He not only owns praises but also relates the Indus valley civilization with India which is stretched from Sindh to Punjab, (but now this civilization is reduced to only Sindhis. We have marginalized the Indus civilization. Today we do not know any Indian knows about this civilization and calls it his/her civilization so is the case of many Pakistanis). Nehruji tells us that he visited Mohen Jo Daro twice and laments the lack of funds which would cause harm to its preservation.
He sheds light on Indian philosophy though not in detail, (it is noteworthy that few portions of original text has been cut out in this edition so it is quite possible such details must be erased from the this book) that is not the philosophy of negation but rather abstention to life based on Buddhism and other religions, and he tells how Aryan brought Vedanta philosophy to mother India.
He mentions in detail about caste system in India somewhat with same historical account we have read in our textual books, that how Aryan came, conquered and divided and ruled. The functionality, practices and how important it was to social life of India. The caste system was opposed by many, there have been movements and efforts in past to negate this system and bring reforms but still it grew strongly in India, reformists criticized it yet it progressed somehow. Though Buddhism never adopted caste system and it vanished away slowly from India so was the influence of caste system in India.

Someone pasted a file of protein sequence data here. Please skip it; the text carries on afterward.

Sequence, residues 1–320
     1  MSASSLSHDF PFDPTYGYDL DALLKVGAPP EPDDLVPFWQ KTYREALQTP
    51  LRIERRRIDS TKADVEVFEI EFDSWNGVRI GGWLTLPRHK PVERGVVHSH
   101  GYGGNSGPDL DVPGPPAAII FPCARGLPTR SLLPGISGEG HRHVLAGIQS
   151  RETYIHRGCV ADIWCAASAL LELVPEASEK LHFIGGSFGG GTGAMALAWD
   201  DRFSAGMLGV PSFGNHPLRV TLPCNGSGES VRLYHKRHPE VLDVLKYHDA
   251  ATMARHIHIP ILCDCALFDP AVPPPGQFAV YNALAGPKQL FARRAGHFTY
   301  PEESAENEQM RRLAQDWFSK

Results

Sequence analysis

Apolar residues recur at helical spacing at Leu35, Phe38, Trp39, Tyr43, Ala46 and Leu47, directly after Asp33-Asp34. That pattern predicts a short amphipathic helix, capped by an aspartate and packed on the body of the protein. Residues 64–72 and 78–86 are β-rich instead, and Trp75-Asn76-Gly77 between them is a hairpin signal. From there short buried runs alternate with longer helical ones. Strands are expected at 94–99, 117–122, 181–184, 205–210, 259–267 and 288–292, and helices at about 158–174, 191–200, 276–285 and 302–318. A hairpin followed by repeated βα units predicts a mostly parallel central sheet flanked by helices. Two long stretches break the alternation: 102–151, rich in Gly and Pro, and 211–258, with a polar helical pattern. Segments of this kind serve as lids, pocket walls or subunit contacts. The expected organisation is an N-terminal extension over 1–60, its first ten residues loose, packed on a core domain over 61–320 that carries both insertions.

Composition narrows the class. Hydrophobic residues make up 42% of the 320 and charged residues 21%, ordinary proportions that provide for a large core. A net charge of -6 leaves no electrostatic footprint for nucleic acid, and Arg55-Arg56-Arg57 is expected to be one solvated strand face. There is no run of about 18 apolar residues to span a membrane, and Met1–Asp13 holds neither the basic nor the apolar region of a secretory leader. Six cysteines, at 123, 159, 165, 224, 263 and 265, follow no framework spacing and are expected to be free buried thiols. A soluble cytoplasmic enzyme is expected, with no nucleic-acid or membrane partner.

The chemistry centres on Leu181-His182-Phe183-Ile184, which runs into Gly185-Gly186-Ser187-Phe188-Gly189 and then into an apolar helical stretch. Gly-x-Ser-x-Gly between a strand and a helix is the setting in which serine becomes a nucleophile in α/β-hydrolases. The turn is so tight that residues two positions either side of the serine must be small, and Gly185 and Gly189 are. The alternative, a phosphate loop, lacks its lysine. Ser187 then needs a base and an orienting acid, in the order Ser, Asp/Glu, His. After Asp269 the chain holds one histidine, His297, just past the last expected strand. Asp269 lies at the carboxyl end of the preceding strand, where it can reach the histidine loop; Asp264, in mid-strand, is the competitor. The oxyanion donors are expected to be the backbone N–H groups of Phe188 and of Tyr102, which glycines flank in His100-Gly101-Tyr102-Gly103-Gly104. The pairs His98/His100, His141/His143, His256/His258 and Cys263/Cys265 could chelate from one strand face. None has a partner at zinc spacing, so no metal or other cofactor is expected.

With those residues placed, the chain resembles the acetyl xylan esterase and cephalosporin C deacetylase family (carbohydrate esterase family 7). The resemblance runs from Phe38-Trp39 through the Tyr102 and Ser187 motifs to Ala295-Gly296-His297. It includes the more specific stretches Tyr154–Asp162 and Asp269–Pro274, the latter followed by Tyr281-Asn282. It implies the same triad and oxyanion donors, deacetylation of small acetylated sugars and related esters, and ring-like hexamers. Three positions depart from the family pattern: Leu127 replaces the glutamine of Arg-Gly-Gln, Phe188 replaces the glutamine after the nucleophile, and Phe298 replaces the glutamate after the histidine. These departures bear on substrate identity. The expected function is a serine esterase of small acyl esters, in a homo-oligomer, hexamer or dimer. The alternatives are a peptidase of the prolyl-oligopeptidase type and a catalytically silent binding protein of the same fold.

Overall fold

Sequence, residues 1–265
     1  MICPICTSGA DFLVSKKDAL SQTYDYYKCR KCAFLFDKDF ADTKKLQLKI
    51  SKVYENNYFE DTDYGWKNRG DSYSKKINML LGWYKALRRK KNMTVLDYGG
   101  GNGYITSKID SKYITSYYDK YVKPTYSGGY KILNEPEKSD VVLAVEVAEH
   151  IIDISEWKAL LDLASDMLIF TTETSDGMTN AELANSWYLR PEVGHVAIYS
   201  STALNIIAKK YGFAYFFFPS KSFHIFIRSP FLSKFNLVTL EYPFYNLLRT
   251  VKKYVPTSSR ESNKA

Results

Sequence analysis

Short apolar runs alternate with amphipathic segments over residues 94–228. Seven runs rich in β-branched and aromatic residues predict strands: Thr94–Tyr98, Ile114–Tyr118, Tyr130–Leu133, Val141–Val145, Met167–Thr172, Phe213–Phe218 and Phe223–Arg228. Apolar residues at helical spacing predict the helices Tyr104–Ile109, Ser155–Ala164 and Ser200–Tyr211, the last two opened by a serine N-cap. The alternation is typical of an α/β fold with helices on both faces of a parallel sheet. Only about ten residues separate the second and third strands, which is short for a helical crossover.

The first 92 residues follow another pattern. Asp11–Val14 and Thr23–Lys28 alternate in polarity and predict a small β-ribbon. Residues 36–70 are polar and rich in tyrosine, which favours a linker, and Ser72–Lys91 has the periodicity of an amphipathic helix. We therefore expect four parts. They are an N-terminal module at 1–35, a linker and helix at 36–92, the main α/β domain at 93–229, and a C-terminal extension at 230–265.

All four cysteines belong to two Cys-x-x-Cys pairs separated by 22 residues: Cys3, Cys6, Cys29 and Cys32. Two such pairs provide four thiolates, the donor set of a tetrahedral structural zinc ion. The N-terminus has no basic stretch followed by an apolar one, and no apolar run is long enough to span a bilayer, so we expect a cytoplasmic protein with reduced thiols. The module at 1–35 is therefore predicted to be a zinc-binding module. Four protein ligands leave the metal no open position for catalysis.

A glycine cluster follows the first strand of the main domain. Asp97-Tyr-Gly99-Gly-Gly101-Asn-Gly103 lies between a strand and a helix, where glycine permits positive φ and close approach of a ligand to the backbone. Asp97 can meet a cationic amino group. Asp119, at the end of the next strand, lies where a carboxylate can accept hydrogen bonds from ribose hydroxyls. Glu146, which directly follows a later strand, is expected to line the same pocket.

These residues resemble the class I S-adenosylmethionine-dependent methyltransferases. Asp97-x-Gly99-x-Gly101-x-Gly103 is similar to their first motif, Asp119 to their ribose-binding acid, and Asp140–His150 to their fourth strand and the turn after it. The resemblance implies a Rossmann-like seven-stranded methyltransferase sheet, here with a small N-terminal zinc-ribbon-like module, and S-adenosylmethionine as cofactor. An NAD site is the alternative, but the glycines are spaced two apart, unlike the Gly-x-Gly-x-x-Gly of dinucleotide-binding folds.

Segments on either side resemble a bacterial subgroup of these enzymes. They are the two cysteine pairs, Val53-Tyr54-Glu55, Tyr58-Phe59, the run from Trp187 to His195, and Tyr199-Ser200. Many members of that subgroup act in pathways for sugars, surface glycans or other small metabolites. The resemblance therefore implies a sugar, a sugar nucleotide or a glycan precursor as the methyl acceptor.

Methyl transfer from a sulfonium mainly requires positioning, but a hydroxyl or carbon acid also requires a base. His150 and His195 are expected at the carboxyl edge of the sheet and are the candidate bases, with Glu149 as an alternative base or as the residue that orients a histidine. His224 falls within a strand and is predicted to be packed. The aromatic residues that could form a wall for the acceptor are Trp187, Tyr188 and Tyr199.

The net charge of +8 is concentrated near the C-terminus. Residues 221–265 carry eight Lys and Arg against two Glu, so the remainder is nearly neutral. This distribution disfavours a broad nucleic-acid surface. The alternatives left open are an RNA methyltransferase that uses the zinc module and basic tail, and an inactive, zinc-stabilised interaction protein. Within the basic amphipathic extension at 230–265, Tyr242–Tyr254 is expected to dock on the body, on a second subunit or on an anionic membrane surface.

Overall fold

Then he talks about Upanishads. To him Upanishad is a bouquet of all colorful beautiful flowers. Its text is religious and nonreligious same time, scientific, metaphysical, spiritual and human. He find Upanishads very moving, magical and heart touching, its text and content is near to Islamic Sufi threads , giving freedom to human mind to question and yet raises many questions philosophically. Reading his views and what he has quoted from Upanishads is so curious and thoughtful that one would be fond of getting and reading Upanishads at first hand.
He tells us the cultural riches of India, north India, ancient, civilized, culturally, socially and economically rich past of whole India. The Mauryan Empire, art, drama, theatre or nataka, mathematics and numerals.